Published 10 Apr 2018
When you think of a story, what comes to mind? Hardback book covers lined up on a shelf? Your Netflix homepage? The smell of lavender probably doesn’t rank high on your list, but sensory engagement and inclusion specialist Joanna Grace believes all of our senses, including smell, can be used as a medium to share a story.
Joanna is founder of The Sensory Projects, an organisation dedicated to improving the lives of ‘Sensory Beings’. Joanna explains that Sensory Beings are people whose primary experience of the world, and meaning within it, is sensory; for example people with Profound and Multiple Learning Disabilities (PMLD) or people with complex autism. In order for them to enjoy a story, it has to be told a little differently.
She says: “There are masses of benefits to sharing a story. They are how you create and maintain friendships, and they form your identity. Our lives are made up of masses and masses of stories. If you are non-verbal and you can’t experience stories through words and pictures, how do you get those benefits?”
Having worked with Sensory Beings for over two decades, Joanna recognised the importance of stories that engaged and included them, and set about creating tales that did just that.
She explains: “People get very hooked on a story being words, but that is because we are language-focused people. Sensory stories don’t rely on words; this makes them very inclusive. They can be accessed by people who don’t share your language or who don’t understand language. They are especially good for children with special needs.”
Sensory stories consist of ten sentences, each one paired with a carefully chosen sensory experience like a smell, taste or sound.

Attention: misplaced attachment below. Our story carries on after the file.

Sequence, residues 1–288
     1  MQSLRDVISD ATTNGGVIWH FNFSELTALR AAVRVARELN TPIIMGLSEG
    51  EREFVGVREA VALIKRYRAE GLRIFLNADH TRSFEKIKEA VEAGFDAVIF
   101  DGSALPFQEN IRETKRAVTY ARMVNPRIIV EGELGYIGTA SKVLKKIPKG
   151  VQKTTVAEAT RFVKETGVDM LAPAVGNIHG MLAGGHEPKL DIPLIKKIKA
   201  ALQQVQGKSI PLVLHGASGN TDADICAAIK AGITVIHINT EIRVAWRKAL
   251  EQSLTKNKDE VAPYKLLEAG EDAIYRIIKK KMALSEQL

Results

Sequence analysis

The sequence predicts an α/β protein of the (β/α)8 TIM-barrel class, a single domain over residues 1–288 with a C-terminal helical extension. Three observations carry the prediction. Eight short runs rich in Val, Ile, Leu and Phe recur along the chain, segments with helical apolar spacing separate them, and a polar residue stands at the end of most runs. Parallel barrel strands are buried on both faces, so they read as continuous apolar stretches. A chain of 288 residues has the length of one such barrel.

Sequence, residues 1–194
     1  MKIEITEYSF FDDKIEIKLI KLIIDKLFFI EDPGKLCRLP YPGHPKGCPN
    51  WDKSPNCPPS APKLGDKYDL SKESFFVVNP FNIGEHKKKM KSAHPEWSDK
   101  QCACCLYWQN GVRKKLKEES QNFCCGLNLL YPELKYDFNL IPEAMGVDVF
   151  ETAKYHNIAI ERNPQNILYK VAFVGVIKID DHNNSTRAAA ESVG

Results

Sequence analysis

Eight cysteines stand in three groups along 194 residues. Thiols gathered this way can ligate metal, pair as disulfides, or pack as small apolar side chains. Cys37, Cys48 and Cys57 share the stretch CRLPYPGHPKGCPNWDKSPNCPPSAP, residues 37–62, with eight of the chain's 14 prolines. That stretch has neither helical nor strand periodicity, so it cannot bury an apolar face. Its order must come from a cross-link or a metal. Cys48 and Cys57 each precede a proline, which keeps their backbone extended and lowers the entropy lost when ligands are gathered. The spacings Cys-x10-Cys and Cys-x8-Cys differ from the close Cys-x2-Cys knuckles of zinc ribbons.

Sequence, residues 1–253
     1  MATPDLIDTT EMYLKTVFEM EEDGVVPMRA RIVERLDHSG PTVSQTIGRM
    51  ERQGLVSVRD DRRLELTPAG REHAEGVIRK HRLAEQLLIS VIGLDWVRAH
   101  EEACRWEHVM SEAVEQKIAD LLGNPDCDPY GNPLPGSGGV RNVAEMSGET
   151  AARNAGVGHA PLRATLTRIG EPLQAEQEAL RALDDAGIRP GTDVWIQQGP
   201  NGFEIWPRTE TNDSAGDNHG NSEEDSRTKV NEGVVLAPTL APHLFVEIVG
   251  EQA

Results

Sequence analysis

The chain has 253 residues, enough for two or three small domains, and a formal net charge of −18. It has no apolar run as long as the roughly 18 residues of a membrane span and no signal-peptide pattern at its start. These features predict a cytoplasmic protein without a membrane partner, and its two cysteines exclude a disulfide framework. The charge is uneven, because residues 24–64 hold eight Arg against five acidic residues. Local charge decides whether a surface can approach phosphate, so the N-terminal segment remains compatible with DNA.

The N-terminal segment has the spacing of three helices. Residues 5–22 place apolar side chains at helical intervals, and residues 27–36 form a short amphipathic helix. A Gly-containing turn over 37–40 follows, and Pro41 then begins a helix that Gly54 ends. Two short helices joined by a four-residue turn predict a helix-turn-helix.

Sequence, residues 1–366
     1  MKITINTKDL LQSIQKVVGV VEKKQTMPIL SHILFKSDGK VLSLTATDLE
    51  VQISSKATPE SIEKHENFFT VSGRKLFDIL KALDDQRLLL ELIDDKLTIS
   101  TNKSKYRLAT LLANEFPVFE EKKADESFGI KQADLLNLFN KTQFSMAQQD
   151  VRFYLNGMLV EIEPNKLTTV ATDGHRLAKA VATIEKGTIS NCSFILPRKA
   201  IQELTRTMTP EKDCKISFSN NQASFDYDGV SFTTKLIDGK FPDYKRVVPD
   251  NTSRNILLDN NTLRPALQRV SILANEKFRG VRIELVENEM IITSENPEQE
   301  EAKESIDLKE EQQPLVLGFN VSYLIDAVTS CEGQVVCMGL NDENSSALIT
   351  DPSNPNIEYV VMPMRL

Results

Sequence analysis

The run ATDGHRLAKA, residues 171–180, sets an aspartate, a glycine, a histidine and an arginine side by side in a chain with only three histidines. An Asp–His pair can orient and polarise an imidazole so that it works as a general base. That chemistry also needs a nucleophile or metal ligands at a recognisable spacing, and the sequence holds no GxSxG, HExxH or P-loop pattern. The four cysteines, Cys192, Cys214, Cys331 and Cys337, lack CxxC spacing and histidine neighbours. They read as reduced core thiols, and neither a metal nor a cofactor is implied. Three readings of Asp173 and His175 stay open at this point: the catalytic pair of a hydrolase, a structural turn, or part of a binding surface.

“The stories are a way to share the world, and it is wonderful. The first time you tell, it might not get any response, but you repeat it over and over again and you see an increase in responses. You see them showing communicative actions like making noises or reaching. If you have a big bang in the story that has made them jump the first few times, you’ll see them tense up because they know the bang is coming next. That’s them saying, ‘I remember this story, I know what’s coming next.”
But although the stories are fun, they often also provide much-needed support. Joanna uses the example of a hospital trip - a regular occurrence in the lives of children with profound needs.
“If you go into hospital there is a very particular set of sensory experiences. You smell the anti-bac hand gel, you see the green washy colour everywhere and people touch you wearing rubber gloves. And all of those things aredifferent and weird, even to people who fully understand what is happening to them. Then something big and scary happens that hurts, and if you are a Sensory Being that is your understanding of it. That is what you associate with those sensory experiences.”
Joanna explains that smell particularly is an emotional sense, and one that can have a large impact on reactions and mental state. By including smells in her stories she is able to create positive associations with smells that might otherwise be linked with negative experiences.
“What I would love is for more people and schools to be doing is using sensory stories that use all of those experiences and simulations, but in a positive way. So a story about unicorns and butterflies where the unicorns have latex hooves and they smell like anti-bac hand gel.”
By introducing these smells, sounds, and sensory experiences in the comfort of the home, they become linked to those comforting memories.
“You can’t stop the big scary thing from happening, but hopefully when they go back to the hospital the anti-bac will remind them of unicorns and not of operations.”
Joanna is keen to emphasise the simplicity of the stories. A key part of The Sensory Projects is showing parents and teachers that providing sensory experience doesn’t have to be expensive. Using just a few drops of essential oil on a cotton pad, Joanna is able to create intense experiences that help transport people to outer space, distant meadows or under the sea – giving them access to this world and imaginary worlds in ways they would never otherwise experience.
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